If you can’t get a 1099 from PayPal to show your income, go into your transactions and filter all income transactions from clients and then screenshot each of those pages of transactions as proof of income.
3. Use a Tax Software or Accountant to File
Goodness me, please don’t try to file your own taxes. Just don’t.
Because having a tax professional or a tax software on your side to defend what’s on your taxes in case of an audit can really put your mind at ease.
If you do your own taxes, your only defense is that you didn’t know and most of the time — that isn’t going to fly.
4. Ready Yourself for the Self-Employment Tax
If you weren’t aware of the 15.3% self-employment tax, this can come as a real punch in the mouth.
You can pay these taxes quarterly, so it makes it a little easier going out or you can pay it at the end of the year in a lump sum.
5. Consider Making Estimated Payments
As we stated in the point above, you’re going to have to pay self-employment taxes. Each quarter, you can pay estimated payments which make it a lot easier for you at the end of the year.
On April 15, June 15th, September 15th, and January 15th, you can pay what you estimate your taxes to be for that quarter. As we said above, you don’t have to do this but if you don’t think you can stomach paying the whole bill at once, this can be a good option for you.
6. Understand Deductions
If you don’t understand what you can deduct from your income for expenses, you might be overpaying in taxes. Here is an example of some things but don’t forget to ask a tax professional if you aren’t sure.
- Travel for business
- Office furniture
If you have other expenses that you believe are related to your business, don’t assume since this can get you into big trouble if you’re audited.
7. Consider Claiming the Home Office Deduction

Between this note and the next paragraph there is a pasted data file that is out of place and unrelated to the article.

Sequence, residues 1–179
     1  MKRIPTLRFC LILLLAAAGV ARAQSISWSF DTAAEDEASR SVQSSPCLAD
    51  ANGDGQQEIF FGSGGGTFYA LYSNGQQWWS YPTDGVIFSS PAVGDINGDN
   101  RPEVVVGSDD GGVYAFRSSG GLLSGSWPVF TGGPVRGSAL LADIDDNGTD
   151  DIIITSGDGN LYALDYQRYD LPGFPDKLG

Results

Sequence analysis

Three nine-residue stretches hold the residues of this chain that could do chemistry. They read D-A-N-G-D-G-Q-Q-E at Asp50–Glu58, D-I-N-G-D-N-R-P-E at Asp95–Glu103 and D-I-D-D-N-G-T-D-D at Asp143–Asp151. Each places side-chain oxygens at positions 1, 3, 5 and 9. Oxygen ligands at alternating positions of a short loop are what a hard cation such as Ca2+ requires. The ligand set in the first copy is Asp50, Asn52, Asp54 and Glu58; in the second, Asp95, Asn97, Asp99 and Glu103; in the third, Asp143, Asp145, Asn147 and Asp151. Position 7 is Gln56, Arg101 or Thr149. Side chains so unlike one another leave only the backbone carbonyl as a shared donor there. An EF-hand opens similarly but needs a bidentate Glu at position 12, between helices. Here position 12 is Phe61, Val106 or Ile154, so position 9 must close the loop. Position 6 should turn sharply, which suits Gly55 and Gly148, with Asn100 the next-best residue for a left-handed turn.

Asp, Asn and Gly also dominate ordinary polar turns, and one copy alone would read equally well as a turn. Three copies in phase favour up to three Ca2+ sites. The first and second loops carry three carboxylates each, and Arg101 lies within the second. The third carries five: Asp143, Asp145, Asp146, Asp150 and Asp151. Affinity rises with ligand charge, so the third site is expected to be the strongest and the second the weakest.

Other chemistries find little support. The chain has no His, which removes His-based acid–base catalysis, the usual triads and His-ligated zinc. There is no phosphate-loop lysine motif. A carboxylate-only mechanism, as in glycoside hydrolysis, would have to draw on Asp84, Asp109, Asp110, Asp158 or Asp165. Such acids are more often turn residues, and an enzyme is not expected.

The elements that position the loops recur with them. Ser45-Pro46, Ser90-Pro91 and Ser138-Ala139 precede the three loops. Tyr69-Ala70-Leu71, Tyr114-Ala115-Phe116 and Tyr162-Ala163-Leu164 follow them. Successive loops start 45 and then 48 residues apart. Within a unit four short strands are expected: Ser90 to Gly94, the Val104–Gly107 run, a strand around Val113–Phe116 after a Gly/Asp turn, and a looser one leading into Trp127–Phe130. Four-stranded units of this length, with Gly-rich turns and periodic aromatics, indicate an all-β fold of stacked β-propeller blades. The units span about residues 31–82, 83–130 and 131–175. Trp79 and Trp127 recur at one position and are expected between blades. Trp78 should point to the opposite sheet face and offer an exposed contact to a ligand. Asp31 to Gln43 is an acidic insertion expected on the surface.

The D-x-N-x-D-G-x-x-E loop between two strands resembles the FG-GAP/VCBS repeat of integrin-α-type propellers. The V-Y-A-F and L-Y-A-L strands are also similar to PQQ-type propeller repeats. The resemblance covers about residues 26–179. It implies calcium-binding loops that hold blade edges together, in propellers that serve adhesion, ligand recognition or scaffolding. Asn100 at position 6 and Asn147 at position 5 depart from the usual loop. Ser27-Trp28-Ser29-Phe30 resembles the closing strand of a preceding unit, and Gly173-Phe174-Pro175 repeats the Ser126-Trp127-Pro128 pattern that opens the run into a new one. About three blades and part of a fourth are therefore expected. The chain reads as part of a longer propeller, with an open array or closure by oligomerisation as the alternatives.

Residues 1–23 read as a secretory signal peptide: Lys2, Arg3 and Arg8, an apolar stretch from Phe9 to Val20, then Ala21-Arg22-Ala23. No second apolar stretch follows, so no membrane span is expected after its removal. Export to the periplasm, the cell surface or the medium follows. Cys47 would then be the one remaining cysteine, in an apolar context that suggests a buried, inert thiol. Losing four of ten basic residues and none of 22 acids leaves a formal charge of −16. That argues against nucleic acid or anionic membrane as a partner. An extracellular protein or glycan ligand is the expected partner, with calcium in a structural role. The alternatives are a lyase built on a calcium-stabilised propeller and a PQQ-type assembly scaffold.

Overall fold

Since I live in an RV and don’t have a dedicated space, I’m not able to use the home office deduction, but you should look at the requirements and see if it is available to you.
8. Know If You Will Contribute to a Retirement Account
You might not feel like you’re making enough money to contribute to a retirement account right now and you might be right. If you can’t survive off your income and contribute then at least keep it in mind for the future.
There are a few types of retirement accounts you can consider as a freelancer when you’re looking at taxes for freelancers and investing in your future. These are:
- Solo 401(k)
9. Categorize Your Business Expenses
I decided to put this at the bottom since most people aren’t going to go to all this trouble and will probably just drop a box of receipts on their CPA’s desk, but as a best practice, you should categorize your business expenses.
The better your records are, the more tax savings you’ll be able to enjoy.
10. Consider Using an HSA (Health Savings Account)
Having an HSA allows you to pay for qualified medical expenses on a pre-tax basis, which means that you’ll be able to cut your tax bill. Before you get excited, you need to research how HSAs work and how they can help you.
Now You Understand Taxes for Freelancers
Good on you for getting through all of this and getting a good grip on taxes for freelancers. Now it’s time to go out and take care of those taxes.